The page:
Speed tuning of optic flow parsing
36.443, Sunday, May 12, 2:45 - 6:45 pm, Orchid Ballroom
Andrew J. Foulkes1, Simon K. Rushton2, Paul A. Warren1; 1School of Psychological Science, University of Manchester, UK, 2School of Psychology, Cardiff University, UK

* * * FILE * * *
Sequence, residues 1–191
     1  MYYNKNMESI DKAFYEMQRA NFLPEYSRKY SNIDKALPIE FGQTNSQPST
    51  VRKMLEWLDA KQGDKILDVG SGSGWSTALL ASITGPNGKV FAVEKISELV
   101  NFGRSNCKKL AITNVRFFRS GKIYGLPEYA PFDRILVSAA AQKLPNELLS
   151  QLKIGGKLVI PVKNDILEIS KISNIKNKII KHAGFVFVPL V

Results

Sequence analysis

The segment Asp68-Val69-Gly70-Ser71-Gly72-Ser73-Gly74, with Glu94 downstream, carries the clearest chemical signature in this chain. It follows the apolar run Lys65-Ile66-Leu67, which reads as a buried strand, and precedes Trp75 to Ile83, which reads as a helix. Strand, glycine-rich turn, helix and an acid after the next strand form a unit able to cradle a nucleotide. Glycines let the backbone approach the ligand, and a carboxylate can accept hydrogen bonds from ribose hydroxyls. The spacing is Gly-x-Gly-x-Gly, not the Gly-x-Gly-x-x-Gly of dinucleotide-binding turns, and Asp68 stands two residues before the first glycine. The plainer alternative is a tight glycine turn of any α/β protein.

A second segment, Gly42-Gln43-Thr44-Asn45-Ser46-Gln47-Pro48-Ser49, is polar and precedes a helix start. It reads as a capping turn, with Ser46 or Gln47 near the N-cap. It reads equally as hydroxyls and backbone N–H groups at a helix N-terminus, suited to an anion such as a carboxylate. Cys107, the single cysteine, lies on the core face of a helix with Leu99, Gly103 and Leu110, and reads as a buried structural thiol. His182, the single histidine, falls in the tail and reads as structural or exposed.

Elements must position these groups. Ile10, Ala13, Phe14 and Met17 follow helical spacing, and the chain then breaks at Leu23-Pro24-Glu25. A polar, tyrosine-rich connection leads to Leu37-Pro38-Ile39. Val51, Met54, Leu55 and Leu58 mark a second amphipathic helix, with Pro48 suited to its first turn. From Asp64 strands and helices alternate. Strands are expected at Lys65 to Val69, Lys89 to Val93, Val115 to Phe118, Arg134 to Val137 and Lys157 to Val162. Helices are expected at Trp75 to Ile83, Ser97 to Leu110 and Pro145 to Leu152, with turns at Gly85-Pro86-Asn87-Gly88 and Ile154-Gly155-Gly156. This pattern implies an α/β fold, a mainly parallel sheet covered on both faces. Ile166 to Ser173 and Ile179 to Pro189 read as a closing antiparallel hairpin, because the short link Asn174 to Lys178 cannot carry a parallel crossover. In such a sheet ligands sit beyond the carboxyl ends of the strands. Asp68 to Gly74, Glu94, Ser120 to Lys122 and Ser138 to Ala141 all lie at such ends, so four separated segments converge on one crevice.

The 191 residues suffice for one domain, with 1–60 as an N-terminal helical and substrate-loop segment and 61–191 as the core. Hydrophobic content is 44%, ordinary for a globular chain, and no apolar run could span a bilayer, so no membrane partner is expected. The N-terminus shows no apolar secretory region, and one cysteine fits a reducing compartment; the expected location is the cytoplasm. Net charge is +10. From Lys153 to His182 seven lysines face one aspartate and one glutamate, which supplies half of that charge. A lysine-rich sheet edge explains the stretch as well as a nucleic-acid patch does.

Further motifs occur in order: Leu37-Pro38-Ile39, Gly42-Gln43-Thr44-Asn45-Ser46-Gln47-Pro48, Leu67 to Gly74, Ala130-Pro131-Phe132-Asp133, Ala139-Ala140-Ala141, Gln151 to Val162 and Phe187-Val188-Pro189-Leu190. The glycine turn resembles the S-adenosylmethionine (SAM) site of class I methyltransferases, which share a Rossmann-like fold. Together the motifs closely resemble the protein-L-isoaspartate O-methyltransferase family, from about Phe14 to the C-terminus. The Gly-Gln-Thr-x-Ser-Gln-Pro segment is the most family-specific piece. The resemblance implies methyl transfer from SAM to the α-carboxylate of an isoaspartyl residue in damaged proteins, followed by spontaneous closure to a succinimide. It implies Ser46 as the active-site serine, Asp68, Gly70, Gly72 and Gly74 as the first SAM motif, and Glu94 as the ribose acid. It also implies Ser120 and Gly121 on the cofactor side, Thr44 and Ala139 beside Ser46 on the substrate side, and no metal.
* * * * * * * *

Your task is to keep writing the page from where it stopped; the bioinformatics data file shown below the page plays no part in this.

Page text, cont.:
In order to isolate scene-relative object movement the brain attempts to perform a global subtraction of the optic flow components associated with self movement (Rushton & Warren, Current Biology, 2005). Foulkes et al. (VSS, 2012) provided evidence that this flow parsing mechanism shares some common processing stages with heading mechanisms, suggesting that heading models might provide a starting point for models of the flow parsing process. However, common heading models are speed invariant (they recover direction but not speed of observer movement). Here we investigate speed tuning for the flow parsing mechanism. Stationary participants fixated the centre of a radial flow field (30 degrees FOV) of limited lifetime dots simulating forwards motion of the observer at 0.6 m/s. Median onscreen speed was approximately 2.15 deg/s. Participants judged the direction of motion of a laterally displaced probe moving vertically upwards. To limit the contribution of local motion processing mechanisms, no flow field dots were presented in a patch of radius 3 deg centred on the probe. We manipulated the dot speed by scaling the simulated observer speed by factors of (0.25, 0.5, 1.0, 2.0, 4.0, 8.0). Participants indicated the perceived trajectory of probe motion by setting the orientation of an adjustable paddle. The relative tilt effect (difference between perceived and actual trajectory) was measured. Flow parsing predicts that the relative tilt should be inwards due to subtraction of the outwards radial flow. Results indicate a clear dependence of the relative tilt effect on simulated speed. As speed increases, the relative tilt effect also increases. However, at intermediate speeds the effect stabilises and there is a suggestion of a decrease in relative tilt for the fastest speeds tested. These results suggest that the speed invariance of common heading models makes them inappropriate to underpin models of flow parsing.